The Jubilee Australia Research Centre, the Australia Institute, and the Environment Centre NT have sounded the alarm about Santos’ announcement that a final investment decision has been made on its high risk and dirty Barossa project.
The Barossa project is located in pristine marine waters 100km north of the Tiwi Islands, which are wholly owned by Traditional Owners under the Aboriginal Land Rights (Northern Territory) Act 1976 (Cth). The marine environment where the project will be located, and the Tiwi Islands themselves, are areas of global biodiversity significance. The pipeline which will connect the project to the mainland will come within 6km of the Tiwi Islands, and will pass through the Oceanic Shoals Marine Park.
The greenhouse gas emissions from this project are likely to significantly increase Australia’s emissions profile. It could be amongst the most polluting LNG projects in the world.
Jubilee, the Australia Institute and ECNT believe that risks to livelihoods and globally significant biodiversity, together with significant carbon emissions to be generated by the project, mean the Barossa project should not proceed.
“The Barossa project and its infrastructure are located in some of the most pristine waters in Australia. Santos’ pipeline will cut through the Oceanic Shoals Marine Park and pass mere kilometres from the Tiwi Islands themselves”, said Jason Fowler, a marine scientist engaged by ECNT with respect to the Barossa project.
“This project will have devastating impacts on biodiversity in the region, including on critical habitat for the threatened Flatback and Olive Ridley turtles”, said Mr Fowler. “It could also cause two of Australia’s most important tropical fisheries to lose access to important fishing grounds, and come under increased risk of seismic testing impacting fish stocks.”
Mr Fowler concluded, “it’s not clear what consultation has occurred with Tiwi people about this project, or with the wider Northern Territory community. Santos’ public engagement about this project, including risks, has fallen far short of best practice. Territorians don’t support gas, and there is no way this project has a social licence to proceed.”
‘We have seen projects like this approved without a proper process of Free Prior and Informed Consent of indigenous people all around the Pacific region—but it’s alarming to see this type of thing happening in Australia as well,’ said Luke Fletcher, Executive Director of the Jubilee Australia Research Centre.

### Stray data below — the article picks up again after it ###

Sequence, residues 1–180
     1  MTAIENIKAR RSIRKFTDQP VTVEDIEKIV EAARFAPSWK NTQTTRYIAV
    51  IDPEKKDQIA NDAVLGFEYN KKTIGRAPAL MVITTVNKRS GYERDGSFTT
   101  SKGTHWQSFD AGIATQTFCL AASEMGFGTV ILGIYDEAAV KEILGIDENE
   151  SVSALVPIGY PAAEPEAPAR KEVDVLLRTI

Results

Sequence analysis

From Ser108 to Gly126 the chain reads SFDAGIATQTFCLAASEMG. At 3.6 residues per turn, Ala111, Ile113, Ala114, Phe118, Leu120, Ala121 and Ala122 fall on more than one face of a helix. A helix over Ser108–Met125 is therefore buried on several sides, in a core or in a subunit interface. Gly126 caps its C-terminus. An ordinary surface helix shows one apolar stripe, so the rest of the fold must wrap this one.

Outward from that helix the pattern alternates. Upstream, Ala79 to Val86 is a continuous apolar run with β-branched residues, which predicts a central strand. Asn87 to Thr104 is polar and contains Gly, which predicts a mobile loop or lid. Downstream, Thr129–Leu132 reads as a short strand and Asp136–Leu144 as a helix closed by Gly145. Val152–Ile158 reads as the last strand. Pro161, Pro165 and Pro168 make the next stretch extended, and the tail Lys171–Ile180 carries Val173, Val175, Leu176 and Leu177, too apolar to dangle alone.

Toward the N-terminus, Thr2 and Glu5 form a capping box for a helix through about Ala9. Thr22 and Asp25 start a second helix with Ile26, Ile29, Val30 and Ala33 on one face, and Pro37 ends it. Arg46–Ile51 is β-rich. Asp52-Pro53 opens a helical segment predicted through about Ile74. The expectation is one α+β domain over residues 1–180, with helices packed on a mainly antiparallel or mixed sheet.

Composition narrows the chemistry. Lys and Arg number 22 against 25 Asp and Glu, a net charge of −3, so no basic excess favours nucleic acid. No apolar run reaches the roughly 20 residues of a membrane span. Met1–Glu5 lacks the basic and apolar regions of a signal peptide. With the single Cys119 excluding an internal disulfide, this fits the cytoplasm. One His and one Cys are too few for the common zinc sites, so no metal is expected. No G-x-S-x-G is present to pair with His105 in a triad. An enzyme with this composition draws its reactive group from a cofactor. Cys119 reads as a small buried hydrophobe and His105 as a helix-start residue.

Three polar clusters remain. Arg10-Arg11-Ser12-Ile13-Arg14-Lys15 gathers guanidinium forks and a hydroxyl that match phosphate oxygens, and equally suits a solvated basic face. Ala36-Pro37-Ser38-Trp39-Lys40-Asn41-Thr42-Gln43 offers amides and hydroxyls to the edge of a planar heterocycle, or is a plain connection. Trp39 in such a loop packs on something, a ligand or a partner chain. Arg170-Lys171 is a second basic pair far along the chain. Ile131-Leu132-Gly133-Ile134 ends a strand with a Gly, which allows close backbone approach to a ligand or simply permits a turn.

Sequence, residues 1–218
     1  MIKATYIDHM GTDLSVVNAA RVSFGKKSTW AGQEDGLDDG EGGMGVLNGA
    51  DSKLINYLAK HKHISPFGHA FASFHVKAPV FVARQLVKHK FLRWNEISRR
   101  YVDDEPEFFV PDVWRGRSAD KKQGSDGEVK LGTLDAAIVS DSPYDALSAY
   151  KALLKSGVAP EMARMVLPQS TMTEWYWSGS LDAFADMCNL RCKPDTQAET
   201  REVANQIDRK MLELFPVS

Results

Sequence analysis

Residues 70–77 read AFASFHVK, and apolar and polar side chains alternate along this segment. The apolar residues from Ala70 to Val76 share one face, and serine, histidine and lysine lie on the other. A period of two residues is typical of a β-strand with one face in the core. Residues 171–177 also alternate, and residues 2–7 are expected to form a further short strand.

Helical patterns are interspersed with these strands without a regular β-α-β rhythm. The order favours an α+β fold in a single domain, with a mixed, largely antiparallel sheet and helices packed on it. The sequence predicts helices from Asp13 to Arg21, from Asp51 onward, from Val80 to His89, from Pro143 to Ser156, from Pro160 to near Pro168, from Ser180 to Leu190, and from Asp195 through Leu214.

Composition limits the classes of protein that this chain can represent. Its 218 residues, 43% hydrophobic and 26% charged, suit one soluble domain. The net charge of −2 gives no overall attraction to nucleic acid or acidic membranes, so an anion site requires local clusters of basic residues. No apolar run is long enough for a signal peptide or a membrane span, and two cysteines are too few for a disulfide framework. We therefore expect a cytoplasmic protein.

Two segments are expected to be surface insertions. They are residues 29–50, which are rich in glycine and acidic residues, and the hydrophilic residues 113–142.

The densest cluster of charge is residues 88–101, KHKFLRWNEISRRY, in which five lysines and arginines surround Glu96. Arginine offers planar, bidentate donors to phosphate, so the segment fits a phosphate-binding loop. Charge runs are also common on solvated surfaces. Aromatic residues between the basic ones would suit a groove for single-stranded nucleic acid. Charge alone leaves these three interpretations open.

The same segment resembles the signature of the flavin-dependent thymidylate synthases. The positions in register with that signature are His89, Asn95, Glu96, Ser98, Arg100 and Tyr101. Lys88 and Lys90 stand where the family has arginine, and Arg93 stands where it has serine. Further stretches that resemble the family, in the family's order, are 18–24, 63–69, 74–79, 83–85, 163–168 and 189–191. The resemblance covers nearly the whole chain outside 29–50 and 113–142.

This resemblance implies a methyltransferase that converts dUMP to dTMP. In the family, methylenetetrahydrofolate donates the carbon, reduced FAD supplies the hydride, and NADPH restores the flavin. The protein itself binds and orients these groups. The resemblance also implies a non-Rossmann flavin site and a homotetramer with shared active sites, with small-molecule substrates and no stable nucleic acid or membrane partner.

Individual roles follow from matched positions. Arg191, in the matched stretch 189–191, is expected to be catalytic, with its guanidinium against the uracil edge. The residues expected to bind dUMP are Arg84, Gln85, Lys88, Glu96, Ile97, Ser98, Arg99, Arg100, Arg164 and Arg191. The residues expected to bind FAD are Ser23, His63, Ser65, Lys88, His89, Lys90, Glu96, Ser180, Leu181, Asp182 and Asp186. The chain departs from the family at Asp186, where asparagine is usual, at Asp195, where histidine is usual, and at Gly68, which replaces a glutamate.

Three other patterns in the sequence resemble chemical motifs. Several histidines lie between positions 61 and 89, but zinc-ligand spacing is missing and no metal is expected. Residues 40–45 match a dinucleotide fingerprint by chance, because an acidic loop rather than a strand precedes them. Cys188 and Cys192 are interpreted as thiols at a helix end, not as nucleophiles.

‘The company has to demonstrate that FPIC has occurred before making a final decision—we have serious doubts that this has happened, especially given the serious social and environmental concerns about the project’ said Dr Fletcher.
The Australia Institute’s Richie Merzian, said, “This could be one of the dirtiest gasfields in Australia, leading to immense harm to the environment in the immediate vicinity, and accelerating dangerous climate change. There are real questions about Australia’s ability to deliver on its commitments on the Paris Agreement if this project is approved. Projects like this simply shouldn’t be approved in Australia due to their high climate risks.”
Richie added, “the economic benefits and jobs figures put out by the Northern Territory Government and Santos about this project don’t bear close scrutiny. The oil and gas industry pays a small amount of tax overall, and oil and gas extraction is highly capital intensive. It uses a lot of machinery, but employs very few people. Territorians know this well from their experience with Inpex, and shouldn’t put up with it again.”
The Environment Centre NT (ECNT)
The Environment Centre NT (ECNT) is the peak community sector environment organisation in the Northern Territory (Australia), raising awareness amongst community, government, business and industry about environmental issues. We assist people to reduce their environmental impact and support community members to participate in decision making processes and action.
Jubilee Australia Research Centre (JARC)
The Jubilee Australia Research Centre engages in research and advocacy to promote economic justice for communities in the Asia-Pacific region and accountability for Australian corporations and government agencies operating there.
The Australia Institute (TAI)
The Australia Institute is an independent public policy think tank based in Canberra. It is funded by donations from philanthropic trusts and individuals and commissioned research. We barrack for ideas, not political parties or candidates. Since its launch in 1994, the Institute has carried out highly influential research on a broad range of economic, social and environmental issues.